Rosh Hashana – The Order of the Simanim

Feature
Typography
  • Smaller Small Medium Big Bigger
  • Default Helvetica Segoe Georgia Times

Different opinions exist among the Halachic authorities as the proper order of the Simanim – the special foods which we eat on the night of Rosh Hashana as symbols of our hopes for the new year. These different opinions can be seen in the different orders that appear in the various Machzorim. We will present here the view of the Ben Ish Chai, but it must be noted that the order is not critical; even if one eats the foods in a different sequence, he has nevertheless fulfilled the custom. The Ben Ish Hai rules that one begins with the date. One must check the fruit for insects, and then recite the Beracha of "Ha’etz," having in mind to cover all "Ha’etz" foods on the table. The "Yehi Ratzon" prayer should be recited only after one takes a bite of the food; otherwise, it would constitute a "Hefsek" (interruption) between the Bracha and the eating. One then eats any of the foods requiring "Ha’adama," having in mind to cover all foods on the table requiring "Ha’adama." At this point, one does not have to recite any more Brachot over the Simanim, as they have all been covered. One then eats the "Rubia," or, according to our community’s custom, the "Lubia." Those who follow this custom to eat "Lubia" should recite in the "Yehi Ratzon" prayer the word "She’telabebenu." One then eats the "Karti" (which resembles a large onion), followed by the Swiss chard, gourd, pomegranate and then apple. The apples are followed by the sheep’s head or fish head (depending on custom). In our "Yehi Ratzon" prayers on Rosh Hashana, we use three different expressions in praying that our enemies will be eliminated: "Yitamu," "Yikaretu," and "Yistaleku." The Ben Ish Hai explains that these three prayers refer to three different kinds of enemies. The prayer, "Yitamu Oyebenu" refers to enemy nations who threaten the Jewish People; "Yikaretu Oyebenu" refers to the harmful spiritual forces which come into existence as a result of our sins; and "Yistaleku Oyebenu" refers to the "Mekatregim" – the angels that prosecute against us before the Heavenly Tribunal. One should try to have this in mind as he recites the various prayers. The Kaf Hachaim writes that if somebody is unable to eat one of the Simanim, such as if it was not available, he does not like the taste, or he is concerned that it might contain insects, then he should look at the food and recite the "Yehi Ratzon" prayer. The concept of Simanim relates not to the actual eating of the food, but rather to using the food as a symbol of our hopes and prayers for the coming year, and therefore one may recite the prayer even without eating the food.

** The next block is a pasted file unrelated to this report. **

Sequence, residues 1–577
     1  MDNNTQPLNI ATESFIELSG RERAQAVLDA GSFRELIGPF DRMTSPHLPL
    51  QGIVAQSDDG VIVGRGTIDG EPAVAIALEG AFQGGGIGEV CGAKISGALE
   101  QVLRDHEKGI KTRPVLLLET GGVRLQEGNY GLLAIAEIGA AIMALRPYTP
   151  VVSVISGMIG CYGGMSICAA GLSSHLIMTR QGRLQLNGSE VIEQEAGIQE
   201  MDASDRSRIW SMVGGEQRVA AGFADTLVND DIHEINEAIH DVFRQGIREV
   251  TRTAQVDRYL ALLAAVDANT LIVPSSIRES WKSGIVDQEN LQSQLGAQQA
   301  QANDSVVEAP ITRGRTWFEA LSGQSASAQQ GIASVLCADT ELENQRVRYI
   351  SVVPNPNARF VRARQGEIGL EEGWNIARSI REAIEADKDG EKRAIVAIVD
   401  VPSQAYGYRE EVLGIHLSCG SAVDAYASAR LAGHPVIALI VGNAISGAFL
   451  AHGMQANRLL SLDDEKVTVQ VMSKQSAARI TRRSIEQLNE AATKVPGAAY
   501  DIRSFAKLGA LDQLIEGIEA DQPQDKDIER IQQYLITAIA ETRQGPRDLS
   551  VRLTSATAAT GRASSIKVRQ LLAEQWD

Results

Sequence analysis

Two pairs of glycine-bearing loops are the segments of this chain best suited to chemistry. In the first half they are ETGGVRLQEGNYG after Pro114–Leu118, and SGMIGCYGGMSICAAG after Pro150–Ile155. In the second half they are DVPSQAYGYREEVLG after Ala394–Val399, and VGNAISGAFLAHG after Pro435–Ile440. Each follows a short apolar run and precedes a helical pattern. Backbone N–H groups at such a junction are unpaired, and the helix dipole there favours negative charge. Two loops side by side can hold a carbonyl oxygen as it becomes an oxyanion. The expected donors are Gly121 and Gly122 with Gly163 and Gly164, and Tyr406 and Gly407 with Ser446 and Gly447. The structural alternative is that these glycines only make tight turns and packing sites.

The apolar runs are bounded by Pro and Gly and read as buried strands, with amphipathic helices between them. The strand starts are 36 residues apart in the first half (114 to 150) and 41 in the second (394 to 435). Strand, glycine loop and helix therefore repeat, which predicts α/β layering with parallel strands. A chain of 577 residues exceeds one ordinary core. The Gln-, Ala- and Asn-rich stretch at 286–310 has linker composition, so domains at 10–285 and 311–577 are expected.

By Rabbi Eli Mansour